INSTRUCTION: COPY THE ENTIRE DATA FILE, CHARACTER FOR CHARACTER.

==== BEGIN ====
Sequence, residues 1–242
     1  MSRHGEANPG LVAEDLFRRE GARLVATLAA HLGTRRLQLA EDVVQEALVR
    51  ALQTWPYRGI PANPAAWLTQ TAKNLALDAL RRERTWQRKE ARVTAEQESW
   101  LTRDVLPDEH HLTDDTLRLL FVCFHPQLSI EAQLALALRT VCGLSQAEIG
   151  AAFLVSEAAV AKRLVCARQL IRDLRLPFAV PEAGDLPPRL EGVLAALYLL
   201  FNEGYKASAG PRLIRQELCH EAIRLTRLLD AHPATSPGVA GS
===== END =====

Sequence, residues 1–242
     1  MSRHGEANPG LVAEDLFRRE GARLVATLAA HLGTRRLQLA EDVVQEALVR
    51  ALQTWPYRGI PANPAAWLTQ TAKNLALDAL RRERTWQRKE ARVTAEQESW
   101  LTRDVLPDEH HLTDDTLRLL FVCFHPQLSI EAQLALALRT VCGLSQAEIG
   151  AAFLVSEAAV AKRLVCARQL IRDLRLPFAV PEAGDLPPRL EGVLAALYLL
   201  FNEGYKASAG PRLIRQELCH EAIRLTRLLD AHPATSPGVA GS